Cycles of Nature Program at the Burren Nature Sanctuary

Transition Year Students get hands on with nature at the Burren Nature Sanctuary, Kinvara

Siobhán Sloane

TY students crafting as part of the Cycles of Nature Programme at the Burren Nature Sanctuary
Seamount students try their hand at pig steering

Transition Year students from Seamount College in Kinvara have been abandoning their mobile phones and social media in favour of experiencing what life was like for our ancestors who lived in harmony with the landscape and seasonal changes.

The students recently completed a Cycles of Nature course at the Burren Nature Sanctuary in Kinvara, where they were involved in activities including pig steering, feeding goats, observing the seasonal changes in water levels and biodiversity and gathering wild plants to make tasty salads.

Cycles of Nature is a pilot course funded by Galway County Council under the Agenda 21 Environment Partnership Fund.  The course was carried out over four days from November to May allowing participants the opportunity to study the seasonal changes of nature in the Burren karst landscape.  The aim of Cycles of Nature is to foster a greater understanding and connection to nature how the seasonal changes influenced people living in this area in the past.

Over the four months students covered the same one-mile route walking through calcareous grassland, ancient hazel and ash woodland, limestone pavement and seasonally flooded turlough noting seasonal changes and learning about karst landscape and hydrology.  Students observed the different habitats and monitored how the environment and associated biodiversity changed with the seasons.  Photographs were taken at the same points each visit with compass readings and a grid square of plant growth in the meadow.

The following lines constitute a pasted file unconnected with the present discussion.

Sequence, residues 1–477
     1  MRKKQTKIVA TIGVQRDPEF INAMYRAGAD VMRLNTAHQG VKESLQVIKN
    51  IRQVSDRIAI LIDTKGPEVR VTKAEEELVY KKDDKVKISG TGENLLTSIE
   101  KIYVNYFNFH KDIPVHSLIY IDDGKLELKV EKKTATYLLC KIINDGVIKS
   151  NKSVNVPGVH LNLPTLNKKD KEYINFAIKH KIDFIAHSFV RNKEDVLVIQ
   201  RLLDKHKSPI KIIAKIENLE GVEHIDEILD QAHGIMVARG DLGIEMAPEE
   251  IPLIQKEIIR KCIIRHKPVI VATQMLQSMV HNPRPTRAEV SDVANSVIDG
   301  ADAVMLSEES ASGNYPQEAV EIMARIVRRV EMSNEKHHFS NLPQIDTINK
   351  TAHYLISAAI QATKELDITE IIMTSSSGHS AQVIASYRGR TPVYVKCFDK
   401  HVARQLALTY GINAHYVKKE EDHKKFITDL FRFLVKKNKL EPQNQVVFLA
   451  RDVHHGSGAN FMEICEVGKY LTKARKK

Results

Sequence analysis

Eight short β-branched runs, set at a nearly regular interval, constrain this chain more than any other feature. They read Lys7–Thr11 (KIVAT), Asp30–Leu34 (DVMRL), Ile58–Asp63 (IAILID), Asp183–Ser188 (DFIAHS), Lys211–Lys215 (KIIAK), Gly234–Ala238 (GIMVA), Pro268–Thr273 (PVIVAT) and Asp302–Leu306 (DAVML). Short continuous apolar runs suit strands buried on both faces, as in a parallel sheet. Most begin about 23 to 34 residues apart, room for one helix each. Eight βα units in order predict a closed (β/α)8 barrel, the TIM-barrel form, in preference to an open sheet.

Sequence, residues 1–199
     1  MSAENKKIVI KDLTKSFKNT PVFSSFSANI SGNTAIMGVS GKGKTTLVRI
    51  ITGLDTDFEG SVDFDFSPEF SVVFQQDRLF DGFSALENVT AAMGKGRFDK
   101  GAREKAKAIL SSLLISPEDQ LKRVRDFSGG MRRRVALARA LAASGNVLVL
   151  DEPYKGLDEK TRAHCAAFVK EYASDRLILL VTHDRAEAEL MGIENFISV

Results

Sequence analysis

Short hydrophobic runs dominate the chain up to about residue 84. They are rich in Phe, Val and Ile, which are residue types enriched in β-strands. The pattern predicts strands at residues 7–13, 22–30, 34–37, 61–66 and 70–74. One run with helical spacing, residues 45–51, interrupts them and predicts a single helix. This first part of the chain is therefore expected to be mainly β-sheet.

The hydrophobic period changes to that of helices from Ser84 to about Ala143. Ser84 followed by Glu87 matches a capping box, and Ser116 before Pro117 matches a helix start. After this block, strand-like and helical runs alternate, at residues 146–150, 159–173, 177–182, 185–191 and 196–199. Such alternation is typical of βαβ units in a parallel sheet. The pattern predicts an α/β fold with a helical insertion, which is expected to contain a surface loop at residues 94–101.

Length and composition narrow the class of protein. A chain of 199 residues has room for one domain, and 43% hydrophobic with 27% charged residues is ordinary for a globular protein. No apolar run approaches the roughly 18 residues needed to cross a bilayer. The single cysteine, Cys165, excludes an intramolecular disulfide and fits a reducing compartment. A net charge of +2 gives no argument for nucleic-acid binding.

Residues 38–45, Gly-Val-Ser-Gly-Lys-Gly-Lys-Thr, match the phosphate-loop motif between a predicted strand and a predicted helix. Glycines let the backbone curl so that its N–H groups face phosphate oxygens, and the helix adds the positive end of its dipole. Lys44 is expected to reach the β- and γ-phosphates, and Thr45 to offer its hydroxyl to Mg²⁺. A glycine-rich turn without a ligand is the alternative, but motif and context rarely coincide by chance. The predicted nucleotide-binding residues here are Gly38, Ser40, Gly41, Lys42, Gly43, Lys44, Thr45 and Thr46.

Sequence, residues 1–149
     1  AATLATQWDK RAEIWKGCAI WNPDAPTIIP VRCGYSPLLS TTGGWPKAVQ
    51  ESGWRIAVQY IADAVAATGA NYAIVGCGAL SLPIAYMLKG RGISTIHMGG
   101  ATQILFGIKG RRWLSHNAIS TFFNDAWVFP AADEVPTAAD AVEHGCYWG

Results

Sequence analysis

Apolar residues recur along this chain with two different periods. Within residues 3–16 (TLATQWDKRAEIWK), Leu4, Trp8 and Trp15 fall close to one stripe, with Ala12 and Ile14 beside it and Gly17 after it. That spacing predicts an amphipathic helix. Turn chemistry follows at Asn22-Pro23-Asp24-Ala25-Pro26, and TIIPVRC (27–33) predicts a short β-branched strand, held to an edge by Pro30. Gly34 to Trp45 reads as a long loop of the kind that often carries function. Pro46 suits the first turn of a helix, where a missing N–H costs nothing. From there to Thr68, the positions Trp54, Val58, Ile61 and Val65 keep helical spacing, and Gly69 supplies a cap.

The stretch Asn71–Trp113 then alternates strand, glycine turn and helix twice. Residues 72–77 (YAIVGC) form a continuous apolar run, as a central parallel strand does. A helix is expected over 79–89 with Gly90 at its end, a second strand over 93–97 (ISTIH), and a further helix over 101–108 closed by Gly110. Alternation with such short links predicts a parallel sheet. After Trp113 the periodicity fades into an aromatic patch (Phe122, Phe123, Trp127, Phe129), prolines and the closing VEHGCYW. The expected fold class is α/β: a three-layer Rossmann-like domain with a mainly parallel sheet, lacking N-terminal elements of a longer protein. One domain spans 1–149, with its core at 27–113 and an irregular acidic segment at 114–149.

By all accounts the Cycles of Nature was a success with students:

“The cycles of nature trips were definitely one of my favourite parts of TY.  It really made me think about and appreciate the landscapes and habitats around me.  Instead of just seeing a bumpy field, now I think about the glaciers that shaped that earth and how the slope on the limestone affects it.  It was a really great experience and the information we learnt, crafts we tried and animals we met will always be some of the best memories from TY.”

Anna Sheehan, Transition Year Student Seamount College.


The students participated in activities including pig steering, putting traditional willow baskets on a working donkey and leading a goat.  They gathered fallen leaves to use as decoration for pottery.  In February they made traditional Brigid’s crosses out of willow and wool.  In April they collected edible plants to make wild garlic pesto, dandelion salad and natural hand cream.

Mary Bermingham of the Burren Nature Sanctuary said “It was an honor to meet these friendly, gifted, skilled and creative people.  The students were a lovely group and we really enjoyed hosting this course.  It was heart warming to see how everyone happily engaged in the activities, with a little help from the animals to break the ice.  It was also important to encourage the students to spend time outside together without any WIFI”.

This page was added on 13/03/2017.

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